Western Civilization discovers the world by way of rationalism. Human reason comes to know the natural and material worlds: nature, natural law, policy, state, law and rights. In this context the Faith is only an addition. And, vice versa, in the domain of religion, the Faith is prevalent and Reason is only an addition. In the sphere of religion, Faith points to the aims, while reason has is only an addition. Reason explains the truths of faith, Revelation. Reason translates into practice the letter of Scripture, Tradition, Canon Law. It’s only a tool for the Church and Her Faith.

I’m not a specialist in the history of Orthodox faith and Church – my research speciality is Western European political tradition – but in ourcurrently interpretations the Orthodox Church is characterized as fideistic and mystic. Is characterized as indisposed to religious rationalism[5]. It’s the legacy of the Great Schism and a lack of reception of Aristotelianism.

 

Great polemic with Modernity

The second theme of “Fides et Ratio” is the great polemic with Modernity, i.e. the great disputation inside the Western world about its true intellectual tradition. The mains themes of this encyclical are developed by Pope Benedict XVI in his later encyclical “Spe salvi”[6]. John Paul II points out, the aim of the reception of Rationalism in West is the strengthening of the Faith and explication of theology by way of Reason[7].

Unfortunately, this newly discovered rationality on the part of the theologians is emancipated from the authority of the Church and obligations to the Christian faith. The era of this great rebellion occurs during the European Enlightenment. It is a time of emancipation of Man from the Church, Faith in God, Tradition, traditional authorities of State, monarchy and elites. It ‘is the apocalyptic time of “egofany” (expression of Eric Voegelin[8]), or a time of “sovereignty of Man” in the place of sovereignty of God (expression of father Felicité La Mannais)[9]. The encyclical of John Paul II  is a polemic with a concept of self-understanding of Western Man. The Pope presents an alternative and original version mode of this understanding. It does not take the form of conflict between Reason and the Christian faith, but a strict collaboration and obedience, as in the Scholastic model.

It’s an important question. I don’t know how is Georgian view of Western culture. I suppose that in the meaning of common people, it’s taken from TV, where we have the supremacy of liberal model of emancipated man, free from traditional obligations to God, Nation and Tradition. Perhaps Georgian liberalism is different from German, English, French or Polish. But, in this case, it’s only a question of time. Liberalism is the same the world over. It’s vision of man who is created as free, with natural rights, in the natural state of political, ethical and cultural pluralism. From the Catholic point of view, it’s a nihilistic vision of life and society. Liberalism does not constitute a society, in the meaning of community. It’s only free association of individuals. The mob of lonely egoists!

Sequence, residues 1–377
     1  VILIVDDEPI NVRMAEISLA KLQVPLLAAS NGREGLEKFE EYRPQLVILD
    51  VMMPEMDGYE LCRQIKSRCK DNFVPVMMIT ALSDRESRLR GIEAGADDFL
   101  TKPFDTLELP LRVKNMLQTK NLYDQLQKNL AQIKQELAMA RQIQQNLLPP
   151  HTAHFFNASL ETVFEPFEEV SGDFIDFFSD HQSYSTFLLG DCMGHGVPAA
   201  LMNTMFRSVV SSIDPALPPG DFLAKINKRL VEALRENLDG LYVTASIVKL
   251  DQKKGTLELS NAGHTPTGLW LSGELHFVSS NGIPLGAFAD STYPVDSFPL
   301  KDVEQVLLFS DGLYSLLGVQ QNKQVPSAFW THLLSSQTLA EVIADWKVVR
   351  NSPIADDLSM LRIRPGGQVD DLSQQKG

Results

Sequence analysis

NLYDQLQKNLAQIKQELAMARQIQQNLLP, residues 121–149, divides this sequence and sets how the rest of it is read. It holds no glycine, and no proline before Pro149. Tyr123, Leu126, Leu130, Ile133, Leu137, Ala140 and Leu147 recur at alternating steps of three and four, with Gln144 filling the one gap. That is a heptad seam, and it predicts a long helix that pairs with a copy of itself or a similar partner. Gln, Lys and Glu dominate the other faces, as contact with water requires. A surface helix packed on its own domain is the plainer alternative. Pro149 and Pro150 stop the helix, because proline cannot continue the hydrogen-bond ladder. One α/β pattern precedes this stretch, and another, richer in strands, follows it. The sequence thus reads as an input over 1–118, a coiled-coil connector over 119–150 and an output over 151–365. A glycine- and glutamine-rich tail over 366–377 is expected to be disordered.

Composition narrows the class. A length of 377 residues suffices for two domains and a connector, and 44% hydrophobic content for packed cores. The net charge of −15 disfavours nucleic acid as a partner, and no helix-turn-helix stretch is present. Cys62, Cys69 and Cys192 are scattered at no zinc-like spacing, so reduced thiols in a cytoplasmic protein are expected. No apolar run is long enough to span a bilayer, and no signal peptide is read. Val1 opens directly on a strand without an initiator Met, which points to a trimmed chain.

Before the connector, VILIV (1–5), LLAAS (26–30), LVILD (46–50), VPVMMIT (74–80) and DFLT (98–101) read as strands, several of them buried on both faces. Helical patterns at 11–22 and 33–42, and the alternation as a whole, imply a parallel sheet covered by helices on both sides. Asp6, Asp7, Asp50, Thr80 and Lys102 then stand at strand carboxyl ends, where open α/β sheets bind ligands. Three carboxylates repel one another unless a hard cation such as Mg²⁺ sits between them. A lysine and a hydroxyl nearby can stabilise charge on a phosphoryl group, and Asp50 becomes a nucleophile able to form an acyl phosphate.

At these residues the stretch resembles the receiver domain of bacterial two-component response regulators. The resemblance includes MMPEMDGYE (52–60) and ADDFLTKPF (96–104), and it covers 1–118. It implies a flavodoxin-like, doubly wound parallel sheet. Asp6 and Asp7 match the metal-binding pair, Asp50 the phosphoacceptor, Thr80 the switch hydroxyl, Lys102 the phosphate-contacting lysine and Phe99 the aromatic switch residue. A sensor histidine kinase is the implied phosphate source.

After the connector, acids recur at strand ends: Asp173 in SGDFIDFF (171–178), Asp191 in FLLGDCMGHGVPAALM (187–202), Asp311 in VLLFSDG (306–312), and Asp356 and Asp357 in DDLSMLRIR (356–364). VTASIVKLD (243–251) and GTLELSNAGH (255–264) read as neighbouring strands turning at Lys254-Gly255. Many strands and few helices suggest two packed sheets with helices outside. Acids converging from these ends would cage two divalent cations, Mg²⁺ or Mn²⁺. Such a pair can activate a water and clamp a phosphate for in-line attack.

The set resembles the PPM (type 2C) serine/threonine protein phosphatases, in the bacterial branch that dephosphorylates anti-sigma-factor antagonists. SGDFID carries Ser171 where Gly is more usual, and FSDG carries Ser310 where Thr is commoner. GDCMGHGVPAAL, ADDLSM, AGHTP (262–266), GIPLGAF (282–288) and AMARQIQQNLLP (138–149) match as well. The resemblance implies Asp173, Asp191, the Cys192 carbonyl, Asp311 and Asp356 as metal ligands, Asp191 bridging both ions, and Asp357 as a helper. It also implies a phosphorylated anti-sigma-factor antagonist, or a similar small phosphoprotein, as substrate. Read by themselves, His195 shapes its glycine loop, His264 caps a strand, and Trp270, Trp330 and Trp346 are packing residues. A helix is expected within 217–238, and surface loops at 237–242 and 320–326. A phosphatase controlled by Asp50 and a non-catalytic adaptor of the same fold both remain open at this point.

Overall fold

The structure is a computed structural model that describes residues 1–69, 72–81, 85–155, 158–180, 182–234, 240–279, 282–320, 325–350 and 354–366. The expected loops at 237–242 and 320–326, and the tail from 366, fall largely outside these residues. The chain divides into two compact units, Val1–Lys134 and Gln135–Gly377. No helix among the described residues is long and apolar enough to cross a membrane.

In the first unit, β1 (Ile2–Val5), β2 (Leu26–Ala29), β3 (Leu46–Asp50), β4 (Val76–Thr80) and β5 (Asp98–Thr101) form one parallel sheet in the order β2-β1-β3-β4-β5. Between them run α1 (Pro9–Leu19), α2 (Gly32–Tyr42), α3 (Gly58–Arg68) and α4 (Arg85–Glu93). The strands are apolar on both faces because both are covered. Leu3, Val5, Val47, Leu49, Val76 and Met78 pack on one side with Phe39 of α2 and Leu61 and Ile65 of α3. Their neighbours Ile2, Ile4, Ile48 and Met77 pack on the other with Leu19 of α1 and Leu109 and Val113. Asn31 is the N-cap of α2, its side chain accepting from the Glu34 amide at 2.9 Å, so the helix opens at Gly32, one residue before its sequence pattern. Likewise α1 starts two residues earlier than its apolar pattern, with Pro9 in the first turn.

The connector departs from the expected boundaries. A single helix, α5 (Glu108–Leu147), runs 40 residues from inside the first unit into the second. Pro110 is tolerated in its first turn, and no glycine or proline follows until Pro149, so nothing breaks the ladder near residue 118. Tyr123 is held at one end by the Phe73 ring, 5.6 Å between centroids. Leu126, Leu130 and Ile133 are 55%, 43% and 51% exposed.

In the pages of “Fides et Ratio”,John Paul II presents the crisis of Western rationalism as four form of degeneration:

1/ As eclecticism of different ideas and intellectual movements, which do not constitute a great whole.

2/ Historicism. It’s the German idea that every truth is true only at a certain time, in specific place and era, because the truth is changeable with culture and development.

3/ Scientism, or the thought that modern science is able to resolve every question, and religious faith is impotent.

4/ Pragmatism, or statement that the truth is not important, which leads to quarrels and wars. The only thing that counts is the social agreement about conventional truths[10].

The effect of the fourth faults is the contemporary anti-philosophy of postmodernism characterised by the negation and annihilation of any notion of truth. It signifies the deconstruction of every rational meaning and notion; theend of the history of human mind. The ultimate degree of human auto-annihilation.  The only visible effect of postmodernism is the era of great and universal scepticism.

For the Polish Pope, or every traditional Catholic and, I suppose – for every traditional Christian without difference of confession – the postmodern culture is one great tragedy, and full of intellectual faults. Postmodernism is the effect of three great rebellions of Western history againstTradition:

1/ I ‘mean the break of the Reformation with the authority of Church in light of “libre examen”, individual examination of religious truths.

2/ Break of Enlightenment and French Revolution with authority of classical state;

3/ Break of Marxism with religion, state and property[11].

Postmodernismis simply the result of three great negations.